Can Youth Remain in Foster Care After Turning 18?

    My colleague, Sara DePasquale, is the resident expert on foster care here at the School of Government. In the bulletin, she outlines the only current mechanism for youth to remain in foster care after turning 18 as follows:

    If a juvenile who is placed in foster care, including through a delinquency disposition, remains in care when he or she turns 18, the juvenile, now a young adult, can continue to receive foster care services until age 21 by voluntarily participating in North Carolina’s Foster Care 18‒21 program. This extended foster care benefit is available for those juveniles who (1) have been adjudicated delinquent, (2) were placed in foster care as a delinquency disposition, (3) age out of foster care upon turning 18, and (4) meet statutory eligibility criteria. That young adult’s participation in North Carolina’s extended foster care program requires the execution of a voluntary placement agreement (VPA) between the eli­gible young adult and a county DSS and at least one judicial review of that VPA. That judicial review is not part of the delinquency proceeding but instead involves a new case file and new juvenile file number.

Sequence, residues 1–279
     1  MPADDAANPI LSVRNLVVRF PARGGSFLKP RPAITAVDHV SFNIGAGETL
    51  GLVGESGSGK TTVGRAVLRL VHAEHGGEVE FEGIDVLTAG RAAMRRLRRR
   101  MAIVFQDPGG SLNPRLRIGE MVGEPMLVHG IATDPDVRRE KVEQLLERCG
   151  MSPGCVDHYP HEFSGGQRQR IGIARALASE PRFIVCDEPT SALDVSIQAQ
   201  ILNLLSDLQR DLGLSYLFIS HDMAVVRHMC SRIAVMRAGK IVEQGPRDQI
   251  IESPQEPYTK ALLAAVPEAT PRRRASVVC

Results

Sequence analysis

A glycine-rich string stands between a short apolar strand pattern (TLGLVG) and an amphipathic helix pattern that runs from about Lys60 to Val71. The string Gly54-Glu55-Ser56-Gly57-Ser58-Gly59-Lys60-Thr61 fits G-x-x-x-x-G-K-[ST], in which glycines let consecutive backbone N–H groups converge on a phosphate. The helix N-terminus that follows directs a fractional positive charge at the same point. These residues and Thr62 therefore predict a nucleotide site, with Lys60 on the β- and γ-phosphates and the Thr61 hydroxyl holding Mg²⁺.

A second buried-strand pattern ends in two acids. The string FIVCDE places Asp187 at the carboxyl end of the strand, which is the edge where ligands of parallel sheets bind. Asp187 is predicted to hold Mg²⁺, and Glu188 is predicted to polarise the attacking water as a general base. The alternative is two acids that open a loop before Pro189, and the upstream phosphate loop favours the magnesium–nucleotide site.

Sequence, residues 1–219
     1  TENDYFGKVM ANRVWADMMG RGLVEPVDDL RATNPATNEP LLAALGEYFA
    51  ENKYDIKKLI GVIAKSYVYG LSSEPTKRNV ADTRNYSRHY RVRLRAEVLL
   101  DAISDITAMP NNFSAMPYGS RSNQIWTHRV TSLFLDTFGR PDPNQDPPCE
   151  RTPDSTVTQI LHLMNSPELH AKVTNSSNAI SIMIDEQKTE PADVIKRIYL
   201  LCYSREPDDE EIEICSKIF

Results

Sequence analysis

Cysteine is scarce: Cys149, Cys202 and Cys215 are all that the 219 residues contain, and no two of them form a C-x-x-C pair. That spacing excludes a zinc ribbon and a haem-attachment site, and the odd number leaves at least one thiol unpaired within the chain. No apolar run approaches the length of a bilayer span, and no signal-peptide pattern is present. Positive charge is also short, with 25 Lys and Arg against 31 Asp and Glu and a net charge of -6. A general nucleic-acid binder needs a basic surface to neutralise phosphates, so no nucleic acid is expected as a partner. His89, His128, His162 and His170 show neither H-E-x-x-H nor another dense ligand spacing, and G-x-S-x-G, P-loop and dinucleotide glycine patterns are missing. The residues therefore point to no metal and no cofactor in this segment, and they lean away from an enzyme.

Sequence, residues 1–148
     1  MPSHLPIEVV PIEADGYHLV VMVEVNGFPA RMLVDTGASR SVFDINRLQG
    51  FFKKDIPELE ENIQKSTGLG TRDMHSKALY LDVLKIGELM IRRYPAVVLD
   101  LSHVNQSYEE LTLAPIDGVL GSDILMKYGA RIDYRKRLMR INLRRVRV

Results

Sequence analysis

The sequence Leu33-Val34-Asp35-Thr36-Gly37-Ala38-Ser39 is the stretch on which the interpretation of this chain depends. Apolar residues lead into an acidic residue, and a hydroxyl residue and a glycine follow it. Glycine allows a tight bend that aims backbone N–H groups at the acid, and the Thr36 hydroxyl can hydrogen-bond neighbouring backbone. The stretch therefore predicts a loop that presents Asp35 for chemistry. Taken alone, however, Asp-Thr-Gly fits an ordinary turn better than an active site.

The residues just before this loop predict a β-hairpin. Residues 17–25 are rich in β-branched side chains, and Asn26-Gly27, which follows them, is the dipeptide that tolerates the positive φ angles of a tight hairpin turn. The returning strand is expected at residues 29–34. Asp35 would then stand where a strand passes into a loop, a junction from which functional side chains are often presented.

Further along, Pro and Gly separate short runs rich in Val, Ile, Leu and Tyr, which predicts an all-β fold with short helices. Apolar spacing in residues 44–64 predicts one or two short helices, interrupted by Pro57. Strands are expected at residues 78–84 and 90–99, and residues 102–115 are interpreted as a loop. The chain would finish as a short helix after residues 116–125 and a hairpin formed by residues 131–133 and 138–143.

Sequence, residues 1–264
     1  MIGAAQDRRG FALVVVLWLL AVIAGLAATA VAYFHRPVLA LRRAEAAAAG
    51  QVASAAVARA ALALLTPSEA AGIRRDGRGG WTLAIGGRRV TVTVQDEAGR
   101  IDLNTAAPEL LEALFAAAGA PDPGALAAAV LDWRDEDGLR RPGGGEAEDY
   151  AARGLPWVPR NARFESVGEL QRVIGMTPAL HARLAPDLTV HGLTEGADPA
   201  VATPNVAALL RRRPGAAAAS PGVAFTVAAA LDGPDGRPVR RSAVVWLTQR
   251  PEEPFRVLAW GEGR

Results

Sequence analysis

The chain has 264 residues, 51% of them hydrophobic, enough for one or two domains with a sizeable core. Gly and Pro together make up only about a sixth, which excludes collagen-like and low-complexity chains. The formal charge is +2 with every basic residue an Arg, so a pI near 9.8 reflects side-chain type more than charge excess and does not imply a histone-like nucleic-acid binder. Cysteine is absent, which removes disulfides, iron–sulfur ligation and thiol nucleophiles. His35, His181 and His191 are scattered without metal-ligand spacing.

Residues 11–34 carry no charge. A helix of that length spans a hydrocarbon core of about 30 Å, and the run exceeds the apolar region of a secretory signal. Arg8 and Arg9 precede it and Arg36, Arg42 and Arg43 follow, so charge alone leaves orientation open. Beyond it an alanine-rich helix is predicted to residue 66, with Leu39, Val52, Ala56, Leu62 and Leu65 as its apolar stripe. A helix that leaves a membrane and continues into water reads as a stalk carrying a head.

This use of a VPA to continue a juvenile age 18 or older in foster care is different from a court-ordered delinquency disposition that requires DSS placement. A court-ordered population of youth between the ages of 18 and 20 in the foster care system would new to that system.

    Inconsistency between existing law regarding the allowable use of foster care and caselaw regarding age of emancipation only further confuses this question. As explained in the Bulletin:

    The definition of “foster care” expressly allows for “the con­tinuing provision of the essentials of daily living on a 24-hour basis for . . . delinquent children (emphasis added) . . .” “Child” in the context of the law governing the provision of foster care is defined as any unemancipated individual under the age of 21. However, the North Carolina Supreme Court has held that “[t]he age of emancipation is precisely fixed – eighteen.” It is therefore unclear how a juvenile between the ages of 18 and 20 could ever be unemancipated, triggering eligibility under the definition of child for foster care purposes.

    Possible Courses of Action

    There does not seem to be a clear legal answer as to whether a juvenile adjudicated delinquent and placed in DSS custody prior to turning 18 can remain in foster care after turning 18 pursuant to the delinquency dispositional order. The revised Bulletin provides the following potential courses of action in the face of this uncertainty: